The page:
On 12 December 2000, I lost my faith in the Supreme Court of the United States. By a slim, one-vote majority, that august body had ruled invalid the election recount efforts in Florida, making George W. Bush the President-elect. The curiously unauthored ruling was ‘limited to the present circumstances’, making it the first time in its history the Court had revoked their power of judicial review, and ushering in two decades of naked bias. More recently, Donald Trump has stacked the Court with conservative cronies: the right-wing Neil Gorsuch and Brett Kavanaugh, a Bush appellate appointee, who fended off sexual harassment allegations by spouting anti-government conspiracies on national television. (Let’s not forget his love of beer.)
It seems strange, then, that the very same bench could seat the US government’s brightest light. Sonia Sotomayor, appointed by Barack Obama in 2009, is the fourth woman and the first Latina to serve on the nation’s highest court; she is also its most eloquent in a generation. (I sat in on her confirmation hearing and felt giddy for weeks.) Though less famous than the ‘Notorious RBG’, Ruth Bader Ginsburg, Sotomayor is far more progressive: in various rulings, she has defended Miranda rights; the rights of undocumented immigrants and LGBT people; affirmative action; and access to healthcare, including contraception. There is a deep empathy to her written opinions. Sotomayor grew up in a low-income housing project in the Bronx; her father, an alcoholic, died when she was nine, and her mother worked six days a week as a nurse to pay the rent. Money too often trumps merit in the US, and so her story gives me hope. Right now, somewhere in the Bronx, there are kids who may save us from the tyranny of old white men.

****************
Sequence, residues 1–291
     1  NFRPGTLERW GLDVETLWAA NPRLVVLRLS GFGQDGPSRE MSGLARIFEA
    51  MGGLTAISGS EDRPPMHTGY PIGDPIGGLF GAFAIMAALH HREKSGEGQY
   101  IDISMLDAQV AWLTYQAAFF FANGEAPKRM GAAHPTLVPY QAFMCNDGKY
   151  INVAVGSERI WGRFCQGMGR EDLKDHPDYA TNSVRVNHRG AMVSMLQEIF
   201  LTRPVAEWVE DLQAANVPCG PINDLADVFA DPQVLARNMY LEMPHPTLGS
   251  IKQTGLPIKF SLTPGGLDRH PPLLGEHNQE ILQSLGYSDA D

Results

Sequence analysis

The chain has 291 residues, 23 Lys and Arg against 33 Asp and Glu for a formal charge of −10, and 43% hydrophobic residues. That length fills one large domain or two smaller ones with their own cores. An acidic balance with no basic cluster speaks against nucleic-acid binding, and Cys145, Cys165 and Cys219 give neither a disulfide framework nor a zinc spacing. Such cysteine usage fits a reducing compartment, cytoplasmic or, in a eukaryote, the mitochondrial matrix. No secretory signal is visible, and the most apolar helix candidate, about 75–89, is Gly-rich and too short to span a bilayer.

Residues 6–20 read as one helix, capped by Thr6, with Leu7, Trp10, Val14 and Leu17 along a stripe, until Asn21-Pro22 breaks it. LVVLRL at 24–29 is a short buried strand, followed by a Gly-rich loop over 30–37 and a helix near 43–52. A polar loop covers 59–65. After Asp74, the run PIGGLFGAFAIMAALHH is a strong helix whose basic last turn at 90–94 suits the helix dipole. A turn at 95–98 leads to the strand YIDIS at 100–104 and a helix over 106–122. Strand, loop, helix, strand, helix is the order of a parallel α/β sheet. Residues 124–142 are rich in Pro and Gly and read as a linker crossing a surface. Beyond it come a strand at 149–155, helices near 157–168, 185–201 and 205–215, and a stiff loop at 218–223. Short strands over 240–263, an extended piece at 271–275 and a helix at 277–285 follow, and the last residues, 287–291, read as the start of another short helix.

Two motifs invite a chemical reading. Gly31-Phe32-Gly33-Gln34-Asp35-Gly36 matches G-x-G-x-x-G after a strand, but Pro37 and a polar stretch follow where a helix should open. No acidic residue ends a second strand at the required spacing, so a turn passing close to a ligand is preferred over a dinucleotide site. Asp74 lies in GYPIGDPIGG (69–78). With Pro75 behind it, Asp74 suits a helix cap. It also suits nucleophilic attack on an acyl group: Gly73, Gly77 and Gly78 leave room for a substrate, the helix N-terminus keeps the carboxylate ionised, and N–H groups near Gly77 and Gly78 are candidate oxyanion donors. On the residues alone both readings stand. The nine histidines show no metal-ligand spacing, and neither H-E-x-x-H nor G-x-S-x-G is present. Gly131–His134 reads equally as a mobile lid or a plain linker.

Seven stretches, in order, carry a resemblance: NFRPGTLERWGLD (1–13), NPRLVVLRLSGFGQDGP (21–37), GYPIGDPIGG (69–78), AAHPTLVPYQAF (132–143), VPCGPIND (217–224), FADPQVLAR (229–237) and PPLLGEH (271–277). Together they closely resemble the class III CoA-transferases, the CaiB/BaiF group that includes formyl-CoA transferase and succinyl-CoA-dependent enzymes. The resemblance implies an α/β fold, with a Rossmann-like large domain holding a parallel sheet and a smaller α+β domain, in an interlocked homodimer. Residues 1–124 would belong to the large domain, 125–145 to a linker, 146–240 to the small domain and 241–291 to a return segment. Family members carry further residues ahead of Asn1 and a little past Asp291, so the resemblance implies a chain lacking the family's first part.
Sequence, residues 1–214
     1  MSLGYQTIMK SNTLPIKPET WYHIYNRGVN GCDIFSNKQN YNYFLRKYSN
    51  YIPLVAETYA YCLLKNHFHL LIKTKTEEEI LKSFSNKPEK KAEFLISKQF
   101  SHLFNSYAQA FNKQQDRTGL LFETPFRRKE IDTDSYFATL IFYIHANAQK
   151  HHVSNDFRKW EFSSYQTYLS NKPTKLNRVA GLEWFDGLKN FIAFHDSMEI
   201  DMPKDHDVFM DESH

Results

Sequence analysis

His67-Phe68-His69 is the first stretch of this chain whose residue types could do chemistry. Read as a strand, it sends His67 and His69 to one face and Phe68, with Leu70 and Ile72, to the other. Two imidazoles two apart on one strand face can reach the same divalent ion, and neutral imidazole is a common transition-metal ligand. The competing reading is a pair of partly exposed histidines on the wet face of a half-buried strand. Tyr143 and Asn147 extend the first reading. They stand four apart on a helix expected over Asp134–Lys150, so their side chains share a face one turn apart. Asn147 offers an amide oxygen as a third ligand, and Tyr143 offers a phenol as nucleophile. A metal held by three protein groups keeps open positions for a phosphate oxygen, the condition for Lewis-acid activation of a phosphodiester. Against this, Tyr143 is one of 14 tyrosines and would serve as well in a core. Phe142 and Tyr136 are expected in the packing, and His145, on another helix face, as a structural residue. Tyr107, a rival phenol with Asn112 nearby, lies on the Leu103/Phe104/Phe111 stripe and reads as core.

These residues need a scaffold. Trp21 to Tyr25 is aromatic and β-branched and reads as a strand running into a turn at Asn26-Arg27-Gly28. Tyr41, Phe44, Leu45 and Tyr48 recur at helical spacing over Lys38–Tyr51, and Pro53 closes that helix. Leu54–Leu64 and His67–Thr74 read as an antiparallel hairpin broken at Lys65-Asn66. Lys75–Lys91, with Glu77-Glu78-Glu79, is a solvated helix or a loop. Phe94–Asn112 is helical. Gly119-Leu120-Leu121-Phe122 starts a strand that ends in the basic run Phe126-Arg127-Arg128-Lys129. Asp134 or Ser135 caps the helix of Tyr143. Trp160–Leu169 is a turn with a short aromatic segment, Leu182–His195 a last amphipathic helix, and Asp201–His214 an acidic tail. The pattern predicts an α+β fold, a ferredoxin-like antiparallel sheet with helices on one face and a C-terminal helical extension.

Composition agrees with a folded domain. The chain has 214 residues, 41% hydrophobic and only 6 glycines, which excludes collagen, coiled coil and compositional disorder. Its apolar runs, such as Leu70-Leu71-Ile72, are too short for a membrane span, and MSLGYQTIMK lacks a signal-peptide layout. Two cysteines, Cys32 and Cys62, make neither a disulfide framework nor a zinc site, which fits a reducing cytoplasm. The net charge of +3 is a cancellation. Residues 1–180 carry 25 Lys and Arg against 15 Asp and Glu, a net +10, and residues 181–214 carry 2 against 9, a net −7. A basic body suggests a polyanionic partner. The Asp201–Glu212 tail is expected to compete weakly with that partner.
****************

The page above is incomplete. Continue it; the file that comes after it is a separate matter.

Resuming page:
First published in Issue 200